For the modern organizational leader in education, an openness to technological development and innovation is key to forward progress.
3. Pursue Clarity and Unity with the Best Change Management Strategies
Whether it is something as drastic as a school lockdown due to a pandemic or something much more day-to-day like a new substitute teacher in the building, organizational leaders in education need to have a solid grasp on change management. In education, change management refers to guiding a school or school district through a change.
One of the first steps of change management is often deciding what kind of change an organization needs. While some changes cannot be prevented or chosen and must instead be reacted or responded to, many others are intentional choices made by leaders. Skilled organizational leaders will leverage their systems thinking, collaborative approach, and knowledge they have gathered to determine when a change needs to be made — and, then, how.
Airiodion Global Services offers several examples of when change management may be needed in education, including:
- Adding more physical activity to students’ schedules to improve health
- Reimagining the structure of the school year
- Finding hybrid education solutions that include both in-person and online instruction
- Improving curriculum based on new data or studies
- Increasing an emphasis on teaching life skills in the classroom
From students to the most seasoned of faculty, responses to change can be varied and volatile. Some people will be excited for the change, others will be happy to go with the flow, others resist change simply because they are more comfortable with the status quo, and still others will disagree specifically with the change itself. Organizational leaders will need to cultivate their communication — and likely their conflict-resolution — skills in order to guide individuals, teams, and their entire school or organization through a change.
4. Put Students First with Educational Leadership that Elevates Student Outcomes
Research has long shown that principals have an impact on student achievement. However, recent studies have shown that their effect is more significant than once thought.
For example the Wallace Foundation study “How Principals Affect Students and Schools: A Systematic Synthesis of Two Decades of Research” found that if a principal is ranked in the 75th percentile of effectiveness, student learning in reading and writing increases by about three months. That is nearly as great an increase as the four months of increased learning that a teacher at the 75th percentile sees in the students. However, at the principal level, this increase occurs across an entire school rather than within one classroom.
At the district level, research shows that superintendents can also influence student outcomes through:
- Providing research-based curriculum planning, development, and design procedures
- Ensuring that materials, facilities, and funding are provided for teachers to achieve district goals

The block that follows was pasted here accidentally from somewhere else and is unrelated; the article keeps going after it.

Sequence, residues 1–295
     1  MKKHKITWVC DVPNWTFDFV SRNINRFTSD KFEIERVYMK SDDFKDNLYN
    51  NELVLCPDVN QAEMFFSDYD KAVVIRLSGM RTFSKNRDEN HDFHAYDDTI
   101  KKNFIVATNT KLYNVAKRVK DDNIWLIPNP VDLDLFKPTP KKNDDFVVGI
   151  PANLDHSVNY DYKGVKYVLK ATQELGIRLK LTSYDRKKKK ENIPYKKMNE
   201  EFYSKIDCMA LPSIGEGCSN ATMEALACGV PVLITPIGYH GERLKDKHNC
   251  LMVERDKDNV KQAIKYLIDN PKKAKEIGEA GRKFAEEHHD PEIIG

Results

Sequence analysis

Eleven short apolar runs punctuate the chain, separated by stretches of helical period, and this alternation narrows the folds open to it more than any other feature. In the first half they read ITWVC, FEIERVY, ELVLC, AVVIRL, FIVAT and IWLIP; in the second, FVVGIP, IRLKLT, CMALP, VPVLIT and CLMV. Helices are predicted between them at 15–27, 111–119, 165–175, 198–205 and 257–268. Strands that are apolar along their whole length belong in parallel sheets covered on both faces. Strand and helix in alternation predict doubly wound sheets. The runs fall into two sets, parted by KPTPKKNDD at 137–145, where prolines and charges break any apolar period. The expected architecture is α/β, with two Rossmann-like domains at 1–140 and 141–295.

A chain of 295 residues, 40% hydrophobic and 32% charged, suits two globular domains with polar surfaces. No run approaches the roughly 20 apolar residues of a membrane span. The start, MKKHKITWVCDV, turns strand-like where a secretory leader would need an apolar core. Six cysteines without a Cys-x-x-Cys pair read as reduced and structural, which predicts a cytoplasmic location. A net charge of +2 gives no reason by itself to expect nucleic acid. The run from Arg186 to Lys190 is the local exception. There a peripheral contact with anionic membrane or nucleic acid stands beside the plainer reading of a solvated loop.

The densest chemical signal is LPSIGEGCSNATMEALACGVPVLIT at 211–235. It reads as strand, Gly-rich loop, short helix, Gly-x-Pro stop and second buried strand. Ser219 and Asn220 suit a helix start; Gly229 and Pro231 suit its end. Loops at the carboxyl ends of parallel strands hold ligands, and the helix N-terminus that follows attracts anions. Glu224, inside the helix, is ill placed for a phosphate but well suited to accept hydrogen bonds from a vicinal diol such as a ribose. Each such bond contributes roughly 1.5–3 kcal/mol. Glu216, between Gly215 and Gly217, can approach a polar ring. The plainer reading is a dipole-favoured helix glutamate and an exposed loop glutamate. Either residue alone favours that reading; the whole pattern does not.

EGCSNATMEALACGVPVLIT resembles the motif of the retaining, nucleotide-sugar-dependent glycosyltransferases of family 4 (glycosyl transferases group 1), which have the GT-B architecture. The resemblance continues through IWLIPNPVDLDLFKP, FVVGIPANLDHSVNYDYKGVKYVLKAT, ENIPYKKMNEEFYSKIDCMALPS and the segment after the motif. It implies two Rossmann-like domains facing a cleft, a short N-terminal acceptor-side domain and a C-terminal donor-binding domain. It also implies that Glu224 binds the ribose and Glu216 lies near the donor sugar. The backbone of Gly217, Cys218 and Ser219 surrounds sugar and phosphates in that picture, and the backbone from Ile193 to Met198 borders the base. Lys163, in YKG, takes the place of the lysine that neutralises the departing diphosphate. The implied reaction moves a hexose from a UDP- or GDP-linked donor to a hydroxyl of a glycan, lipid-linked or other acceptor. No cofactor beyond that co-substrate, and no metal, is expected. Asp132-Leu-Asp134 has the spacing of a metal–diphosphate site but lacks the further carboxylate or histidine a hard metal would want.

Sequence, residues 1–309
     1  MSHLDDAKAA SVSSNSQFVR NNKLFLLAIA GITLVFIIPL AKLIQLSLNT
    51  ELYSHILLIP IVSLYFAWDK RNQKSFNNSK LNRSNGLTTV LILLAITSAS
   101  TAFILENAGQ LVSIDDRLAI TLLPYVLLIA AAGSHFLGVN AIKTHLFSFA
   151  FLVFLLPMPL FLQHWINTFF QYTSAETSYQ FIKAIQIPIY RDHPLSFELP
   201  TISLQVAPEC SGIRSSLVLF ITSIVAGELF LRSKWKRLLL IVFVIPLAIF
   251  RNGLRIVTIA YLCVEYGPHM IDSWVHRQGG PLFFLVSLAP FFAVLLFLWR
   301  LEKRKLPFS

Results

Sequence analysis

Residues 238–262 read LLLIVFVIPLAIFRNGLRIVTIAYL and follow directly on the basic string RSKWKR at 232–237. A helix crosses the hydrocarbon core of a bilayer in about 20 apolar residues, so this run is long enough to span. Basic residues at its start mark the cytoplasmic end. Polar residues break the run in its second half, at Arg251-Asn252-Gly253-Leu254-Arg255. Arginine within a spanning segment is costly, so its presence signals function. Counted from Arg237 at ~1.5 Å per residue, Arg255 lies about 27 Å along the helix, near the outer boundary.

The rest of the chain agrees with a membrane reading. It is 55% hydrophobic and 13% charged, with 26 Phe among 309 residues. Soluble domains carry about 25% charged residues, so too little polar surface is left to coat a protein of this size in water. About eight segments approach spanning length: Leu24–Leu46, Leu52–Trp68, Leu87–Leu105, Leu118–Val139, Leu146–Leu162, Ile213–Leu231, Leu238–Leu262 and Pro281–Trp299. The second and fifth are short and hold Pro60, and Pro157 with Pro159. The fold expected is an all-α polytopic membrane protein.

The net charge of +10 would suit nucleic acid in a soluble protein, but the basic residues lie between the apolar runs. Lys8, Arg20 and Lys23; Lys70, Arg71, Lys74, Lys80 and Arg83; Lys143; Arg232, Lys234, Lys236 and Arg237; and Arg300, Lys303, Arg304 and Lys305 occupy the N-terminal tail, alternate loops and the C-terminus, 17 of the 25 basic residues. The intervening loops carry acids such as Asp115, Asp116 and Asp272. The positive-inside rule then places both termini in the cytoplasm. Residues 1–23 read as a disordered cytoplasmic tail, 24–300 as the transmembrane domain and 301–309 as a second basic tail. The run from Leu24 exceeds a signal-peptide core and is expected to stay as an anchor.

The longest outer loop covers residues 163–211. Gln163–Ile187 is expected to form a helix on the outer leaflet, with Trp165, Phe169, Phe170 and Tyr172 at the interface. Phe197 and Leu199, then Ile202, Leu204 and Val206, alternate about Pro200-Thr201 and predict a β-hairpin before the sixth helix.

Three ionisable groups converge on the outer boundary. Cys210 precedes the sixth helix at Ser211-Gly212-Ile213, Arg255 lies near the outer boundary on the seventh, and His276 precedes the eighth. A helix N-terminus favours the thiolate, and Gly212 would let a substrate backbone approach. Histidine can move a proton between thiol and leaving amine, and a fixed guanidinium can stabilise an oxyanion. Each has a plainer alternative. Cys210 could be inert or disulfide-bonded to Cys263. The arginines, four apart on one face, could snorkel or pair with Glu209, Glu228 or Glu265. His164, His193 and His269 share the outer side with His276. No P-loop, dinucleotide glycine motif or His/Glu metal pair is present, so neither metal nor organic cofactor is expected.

- Budgeting and planning spending in ways that facilitate curriculum goals and provide professional development to teachers who are responsible for curriculum implementation
By making strategic, organizational leadership decisions, education leaders at every level can positively influence student outcomes and success.
Prepare to Promote Organization Leadership in Education
From junior high schools to educational technology companies, professionals who are well-versed in organizational leadership are needed.
Take Jessica Burns-Turch, a student in Marymount University’s Doctor of Education in Educational Leadership and Organization Innovation program, for example. Burns-Turch is a former classroom teacher who now runs six Life Celebration Homes (funeral homes) with her husband while raising her four children. Burns-Turch has seen the need for high-quality leadership throughout her career.
“How did I go from the funeral industry to working on a Doctorate in Educational Leadership?” says Burns-Turch. “Both in education and in the business world, I’ve seen a lack of strong leadership and strong leadership platforms. So, I started looking for a program to both strengthen my leadership skills as a business owner and provide me with the necessary tools to educate other leaders as a professor at the collegiate level. Coupled with my experience in education and the business world, this Ed.D. will provide me with the necessary platform to effect change in leadership practices and policies.”
Do you want to be an agent of change and be a pillar (of/for) strong, organizational leadership within an organization? The Ed.D. at Marymount University will help you prepare for just such a career path. Designed for working professionals, the Ed.D. is an entirely online program that can be completed in less than three years.
Earn your Ed.D. from Marymount to inspire change in your workplace and community.
Trying to Decide Between Pursuing an Ed.D. or a PhD? Be Sure to Read: